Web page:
An incredibly Americanised French film, whether it was fun on a yacht being sound-tracked by Creedence or grand romantic gestures being accompanied by Antony and the Johnsons. Marion Cotillard & Co leave a comatose friend’s bedside for their annual holiday and comic madness involving weasels and crushes and endless dramas over love ensue. It’s over-long but mostly the Flaubertian lack of plot made time cease to matter for both the characters and the audience.

(5) The Girl with the Dragon Tattoo
David Fincher’s version surpassed the Swedish original by reinstating more of the texture of Stieg Larsson’s book, creating a mystery rather than a thriller, in which the characters dominate the plot and are allowed to have complex emotional lives outside of cracking the cold case. The villain is marvellously drawn, and Fincher not only draws out maximum suspense from the story, but betters the Swedish version by both keeping the nastiest sequences and then also refusing to soften Lisbeth Salander. Rooney Mara and Daniel Craig are both pitch-perfect in the lead roles.

(5) Midnight in Paris
Woody Allen amazed by somehow delivering a fantastical romantic comedy with screamingly funny lines and a great high concept brilliantly developed. Allen granted Owen Wilson and Rachel MacAdams’ bickering engaged couple numerous hysterical scenes of utterly failing to connect, not least with her hilariously snooty parents. The recreation of the roaring Twenties Paris of America’s Lost Generation writers was positively inspired, most notably in its Hemingway who monologues in an abrupt monotone, and the film itself equally warm and wise.

(4) Take Shelter
This stunning film is both a Donnie Darko inflected tale of approaching apocalypse that only our hero has foreknowledge of but which sets his sanity on edge, and a terrifyingly realistic story of a man’s descent into a mental illness so subtle yet devastating that he can bankrupt his family by being plausible enough at the bank to secure loans to carry out construction to safeguard against an imaginary threat. Taut, terrifically ambiguous, and nightmarishly scary on several levels, this achieves such intensity that at its climax the simple act of Michael Shannon opening a storm shelter door becomes a moment of unbearable suspense and incredible emotional consequence.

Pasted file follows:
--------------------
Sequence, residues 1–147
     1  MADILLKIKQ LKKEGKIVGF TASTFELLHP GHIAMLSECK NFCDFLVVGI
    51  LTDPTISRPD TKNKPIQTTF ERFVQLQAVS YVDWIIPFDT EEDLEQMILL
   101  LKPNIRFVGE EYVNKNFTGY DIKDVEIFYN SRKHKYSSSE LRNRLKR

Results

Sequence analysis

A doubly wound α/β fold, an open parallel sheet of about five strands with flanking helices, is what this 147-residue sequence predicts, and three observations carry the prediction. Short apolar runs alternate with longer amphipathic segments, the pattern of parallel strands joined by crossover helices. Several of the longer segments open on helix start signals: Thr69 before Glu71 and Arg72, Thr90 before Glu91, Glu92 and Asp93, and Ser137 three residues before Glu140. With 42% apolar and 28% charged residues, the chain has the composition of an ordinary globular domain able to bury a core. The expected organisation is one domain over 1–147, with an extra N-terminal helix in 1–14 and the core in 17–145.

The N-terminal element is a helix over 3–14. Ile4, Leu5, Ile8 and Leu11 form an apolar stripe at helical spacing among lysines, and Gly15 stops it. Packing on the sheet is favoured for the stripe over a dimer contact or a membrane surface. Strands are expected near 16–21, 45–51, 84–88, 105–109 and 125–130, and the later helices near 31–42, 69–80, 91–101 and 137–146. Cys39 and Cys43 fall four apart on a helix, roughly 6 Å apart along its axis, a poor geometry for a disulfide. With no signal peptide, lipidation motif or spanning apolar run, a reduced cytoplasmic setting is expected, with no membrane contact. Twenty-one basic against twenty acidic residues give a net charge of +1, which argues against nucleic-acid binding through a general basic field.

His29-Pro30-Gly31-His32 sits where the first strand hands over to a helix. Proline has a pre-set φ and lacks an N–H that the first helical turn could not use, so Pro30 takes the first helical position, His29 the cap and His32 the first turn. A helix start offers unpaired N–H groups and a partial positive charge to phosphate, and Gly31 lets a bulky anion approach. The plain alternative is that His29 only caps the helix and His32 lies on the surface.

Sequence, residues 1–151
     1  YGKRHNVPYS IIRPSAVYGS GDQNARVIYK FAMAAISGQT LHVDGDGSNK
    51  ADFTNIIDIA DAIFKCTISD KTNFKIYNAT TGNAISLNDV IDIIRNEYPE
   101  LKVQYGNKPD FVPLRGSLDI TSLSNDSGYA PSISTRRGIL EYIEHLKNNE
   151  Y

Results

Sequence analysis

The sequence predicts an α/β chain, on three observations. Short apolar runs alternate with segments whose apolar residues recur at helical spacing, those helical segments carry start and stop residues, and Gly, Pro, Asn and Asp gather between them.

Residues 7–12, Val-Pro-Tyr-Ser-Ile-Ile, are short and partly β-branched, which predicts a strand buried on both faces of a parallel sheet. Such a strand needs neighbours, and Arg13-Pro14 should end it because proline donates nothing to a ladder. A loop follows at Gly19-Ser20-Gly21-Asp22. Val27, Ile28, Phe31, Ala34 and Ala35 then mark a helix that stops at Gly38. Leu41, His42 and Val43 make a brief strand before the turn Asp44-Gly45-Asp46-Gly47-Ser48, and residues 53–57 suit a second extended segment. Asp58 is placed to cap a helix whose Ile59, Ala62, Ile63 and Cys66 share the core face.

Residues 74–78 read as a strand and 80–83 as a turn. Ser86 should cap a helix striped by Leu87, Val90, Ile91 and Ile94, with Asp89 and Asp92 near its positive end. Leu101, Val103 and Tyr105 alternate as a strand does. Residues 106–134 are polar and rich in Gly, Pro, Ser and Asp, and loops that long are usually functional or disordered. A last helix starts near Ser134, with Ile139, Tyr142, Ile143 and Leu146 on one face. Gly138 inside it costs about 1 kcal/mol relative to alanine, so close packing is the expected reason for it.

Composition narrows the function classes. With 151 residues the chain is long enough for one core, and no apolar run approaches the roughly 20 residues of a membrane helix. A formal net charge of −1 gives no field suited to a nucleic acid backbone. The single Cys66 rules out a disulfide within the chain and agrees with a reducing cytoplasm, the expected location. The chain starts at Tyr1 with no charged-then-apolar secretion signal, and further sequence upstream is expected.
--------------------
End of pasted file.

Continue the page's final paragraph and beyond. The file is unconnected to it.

(3) The Guard
John Michael McDonagh’s directorial debut was an impressively inventive profane farce which could be best described as Bad Lieutenant: Port of Call – Connemara. Brendan Gleeson seized with both Fassbendering hands the chance to play the world’s most demented Guard while Don Cheadle was an effective foil as the exasperated FBI Agent teaming up with him to bring down the preposterously philosophical drug-smugglers Liam Cunningham, David Wilmot and Mark Strong. Endlessly quotable and showcasing wonderful running gags, an unlikely action finale, and an ambiguous ending that poked fun at Hollywood resolutions this was the comedy of 2011.

(2) X-Men: First Class
Matthew Vaughn finally got to direct an X-Men movie and, with his co-writers, at last gave some substance to the friendship and enmity of Magneto and Professor X. Michael Fassbender’s rightly vengeful Nazi-hunter Erik complicated comic-book morality as much as Kick-Ass and added real weight to the tragedy of Mystique turning to his philosophy over the compassion personified by her mentor Xavier. Vaughn balanced this trauma with very funny montages of Erik and Xavier recruiting and training mutants for the CIA, but it was the casual tossing in of an enormous shock in the finale which exemplifed the supreme assuredness of this fine blockbuster.

(1) Incendies
This French-Canadian film unnerves from its opening shot, is always enthralling, and by the end has become quite simply devastating. A couple of Montreal siblings discover that their mother had unbeknownst to them lived a life of startling savagery in Lebanon’s 1980s civil war before emigrating. This is a merciless depiction of a vicious war where each side torches the other’s orphanages, burns women and children alive in buses, and recruits the other’s young boys as soldiers when not just shooting them in the head. The siblings uncover and come to terms with an extraordinary journey in search of vengeance, leading to the ultimate crime, and forgiveness…

October 26, 2011

Top 10 Scary Movies

Hallowe’en is almost upon us! This weekend Contagion, Demons Never Die, Paranormal Activity 3, Don’t Be Afraid of the Dark and others will all contend for the horror audience at the multiplexes, while the Screen’s Monster Mash and especially the IFI’s Horrorthon with special guest (and cult hero) Michael Biehn (Aliens, Planet Terror) will cater for the hardcore ghouls. But if you’re staying in for TV or DVD scares instead here’re quality shockers to get you thru the horrid holiday.

(10) Psycho